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Soundgarden blows it big time online

19 Nov

On Friday night, my favourite band of all time – the recently reunited Soundgarden – played the Phoenix Concert Theatre here in Toronto in support of their new album, King Animal. I wasn’t at the show. Instead, I was in my living room singing Nickelback.

Why? Two reasons. The first is that I’m a consummate professional. Nintendo’s new Wii U video game console was being released in two days, on Sunday, and I needed to get some time in with it in order to write my review. I had friends over play-testing some games, including the karaoke affair Sing Party. With the other song selections including the likes of Justin Bieber and Carly Rae Jepsen, Nickelback seemed like the best of a bad lot. A really, really awful best of a bad lot.

But the real reason I wasn’t at the Soundgarden show is because the band had done just about everything wrong in respect to its fans and its new album/tour, in light of the new digital age they’ve reunited into.

At first, they seemed kind of clever. An email went out a few weeks ago to those of us who had signed up to their fan club. The message announced a handful of shows in tiny venues, with Toronto being one of the band’s lucky choices. There would be a pre-sale of tickets open to fans in those cities who pre-ordered King Animal online, with passwords being sent out the day before.

I couldn’t get to the band’s website fast enough, only to be disappointed. If you pre-ordered a digital version on iTunes, you were excluded from the pre-sale. Fine, I thought, I kind of wanted the CD anyway, with packaging, artwork and lyrics and all that. Since I had to pay for shipping, I figured I’d get a T-shirt too, so I plopped down about $45.

Of course, it was only after paying that I noticed the fine print on shipping – purchases weren’t guaranteed to go out till Nov. 13, or the same day of the album’s release.

This made no sense. Why in the world would the people who wanted the new album the most – those who pre-ordered it – be content to wait for it to arrive days after its official release? It’s almost as if Soundgarden was telling them they’d have to buy it again in digital form if they wanted it on Nov. 13, or they’d have to go out and pirate it.

I got an email last week telling me my order had shipped, but I’m still waiting for it to arrive. Did I download a digital version of the album from an, ahem, grey-area source in the meantime? You betcha, as I’m sure everyone else who legally bought the CD, but is still waiting for it did.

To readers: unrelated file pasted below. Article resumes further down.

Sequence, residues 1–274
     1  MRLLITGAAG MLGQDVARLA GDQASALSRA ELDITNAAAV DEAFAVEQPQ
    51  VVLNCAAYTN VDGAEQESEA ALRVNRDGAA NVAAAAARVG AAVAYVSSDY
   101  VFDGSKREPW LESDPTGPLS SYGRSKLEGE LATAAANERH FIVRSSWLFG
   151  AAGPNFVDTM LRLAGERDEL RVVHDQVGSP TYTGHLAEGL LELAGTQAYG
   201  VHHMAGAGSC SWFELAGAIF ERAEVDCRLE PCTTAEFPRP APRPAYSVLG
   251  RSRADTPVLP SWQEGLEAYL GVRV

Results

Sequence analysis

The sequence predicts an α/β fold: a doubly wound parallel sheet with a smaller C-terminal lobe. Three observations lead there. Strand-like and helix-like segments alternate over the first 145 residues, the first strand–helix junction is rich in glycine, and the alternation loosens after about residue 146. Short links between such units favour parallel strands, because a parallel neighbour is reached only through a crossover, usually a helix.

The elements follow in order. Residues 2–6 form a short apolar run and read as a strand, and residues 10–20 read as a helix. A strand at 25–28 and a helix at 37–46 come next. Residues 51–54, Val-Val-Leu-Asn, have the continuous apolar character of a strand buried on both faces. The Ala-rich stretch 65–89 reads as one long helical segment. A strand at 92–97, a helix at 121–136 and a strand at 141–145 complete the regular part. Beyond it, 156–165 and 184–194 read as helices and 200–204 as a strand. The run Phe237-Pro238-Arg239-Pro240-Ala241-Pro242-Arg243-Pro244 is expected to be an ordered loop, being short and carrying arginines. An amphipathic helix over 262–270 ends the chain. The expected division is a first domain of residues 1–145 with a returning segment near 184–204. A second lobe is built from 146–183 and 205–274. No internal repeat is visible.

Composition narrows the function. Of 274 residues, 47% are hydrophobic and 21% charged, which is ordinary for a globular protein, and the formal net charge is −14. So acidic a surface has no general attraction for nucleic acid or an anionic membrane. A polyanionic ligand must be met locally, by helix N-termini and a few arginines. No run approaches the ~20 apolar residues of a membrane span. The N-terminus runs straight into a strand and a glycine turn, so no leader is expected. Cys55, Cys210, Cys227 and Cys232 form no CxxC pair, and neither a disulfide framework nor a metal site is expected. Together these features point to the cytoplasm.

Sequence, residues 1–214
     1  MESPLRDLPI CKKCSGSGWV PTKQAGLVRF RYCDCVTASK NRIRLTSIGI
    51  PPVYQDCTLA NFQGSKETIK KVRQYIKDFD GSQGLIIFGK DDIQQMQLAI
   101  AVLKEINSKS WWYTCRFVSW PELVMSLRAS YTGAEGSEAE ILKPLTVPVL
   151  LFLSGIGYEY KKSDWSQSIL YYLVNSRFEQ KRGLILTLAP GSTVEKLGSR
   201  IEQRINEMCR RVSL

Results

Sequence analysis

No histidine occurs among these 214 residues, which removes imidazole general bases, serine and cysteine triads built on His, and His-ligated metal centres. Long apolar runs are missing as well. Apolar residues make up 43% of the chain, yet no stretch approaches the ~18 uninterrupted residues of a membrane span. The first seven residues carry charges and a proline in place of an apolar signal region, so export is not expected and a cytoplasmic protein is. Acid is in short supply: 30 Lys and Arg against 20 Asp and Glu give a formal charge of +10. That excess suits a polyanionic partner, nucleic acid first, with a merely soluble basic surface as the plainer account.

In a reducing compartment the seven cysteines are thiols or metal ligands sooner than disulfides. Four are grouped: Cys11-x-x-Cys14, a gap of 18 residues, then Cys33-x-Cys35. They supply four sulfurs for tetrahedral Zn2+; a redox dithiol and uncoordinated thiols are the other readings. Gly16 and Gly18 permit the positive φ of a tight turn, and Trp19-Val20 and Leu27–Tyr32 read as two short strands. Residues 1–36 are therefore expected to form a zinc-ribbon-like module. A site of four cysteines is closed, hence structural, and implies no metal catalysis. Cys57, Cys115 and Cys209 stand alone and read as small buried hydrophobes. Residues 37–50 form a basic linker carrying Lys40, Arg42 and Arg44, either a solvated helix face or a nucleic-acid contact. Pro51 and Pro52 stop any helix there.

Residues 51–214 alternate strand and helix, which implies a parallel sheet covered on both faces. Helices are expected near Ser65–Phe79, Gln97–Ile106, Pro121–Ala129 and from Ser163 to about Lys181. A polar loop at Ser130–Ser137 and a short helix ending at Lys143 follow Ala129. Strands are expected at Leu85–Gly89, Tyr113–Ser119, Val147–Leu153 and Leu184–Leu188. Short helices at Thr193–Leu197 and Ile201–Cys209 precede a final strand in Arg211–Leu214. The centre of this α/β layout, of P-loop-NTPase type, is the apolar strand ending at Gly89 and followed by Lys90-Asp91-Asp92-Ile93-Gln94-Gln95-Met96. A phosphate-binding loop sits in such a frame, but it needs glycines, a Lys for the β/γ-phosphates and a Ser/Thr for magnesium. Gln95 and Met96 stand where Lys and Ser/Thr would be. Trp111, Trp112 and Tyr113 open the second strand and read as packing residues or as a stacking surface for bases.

What about the concert pre-sale? Well, the band did send out a password the day before as promised, but it was a generic password to Ticketmaster’s site that was in no way tied to your order. The password was inevitably and instantly shared online and tickets were gone within seconds when the pre-sale opened.

No sooner did these small gigs sell out than the band announced a larger winter tour, complete with passwords going out for a similar pre-sale event, although this time there was no purchase necessary. It was the same generic password to the same Ticketmaster sale this time around, and the same result – tickets were gone in seconds, with huge fans like myself shut out.

Fortunately, I have a friend who I affectionately refer to as the true Ticket Master – his prowess at securing tickets to shows knows no equal. True to form, he managed to snag tickets to one of the two Toronto shows in January. Barring disaster, I’ll be singing Spoonman that night instead of Nickelback.

The larger story here is that Soundgarden did just about everything wrong by its fans online. Not only did those who legally purchased their album end up having to wait for it, they also didn’t get any sort of special treatment for concert tickets despite being given some sort of inkling that they would.

As a band that has always prided itself on its integrity, the whole thing came off as a bit of a cynical cash grab. I haven’t wanted to think that way about their entire reunion, but one thing’s for sure – many of their biggest fans are going to think twice about doing the supposedly right thing next time around.

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2 Comments

Posted by on November 19, 2012 in media, piracy

 

2 responses to “Soundgarden blows it big time online

  1. Dan Silvers

    November 19, 2012 at 12:22 pm

    I’d hardly blame Soundgarden themselves (Chris, Matt, Ben, and Kim). Their responsibility is to write, record, and perform the music you find on their albums. If anyone is to blame, it’s their business manager, record label, and whatever college intern the label hired to handle this online disaster. The music industry has never proven itself to be very wise when it comes to anything having to do with the internet. What tends to happen is they wat for someone to have an idea, then they rip it off and implement it in the most rudimentary and unplanned way possible. This is not the first time something like this has happened, nor is it the last. It’s just a reality we have to deal with. http://theoatmeal.com/comics/music_industry

     
  2. Daryl

    November 19, 2012 at 1:18 pm

    The worst part was that they will still chalk this up as a success. Their album presales were through the roof and the concerts sold out.

    I blame Ticketmaster more than anything. Their system likely isn’t designed to handle hundreds/thousands of unique fan-specific passwords. Soundgarden should have gone the Pearl Jam/Nine Inch Nails route and run the concert sale through their own site. Perhaps then the passwords wouldn’t have been guessable

     
 
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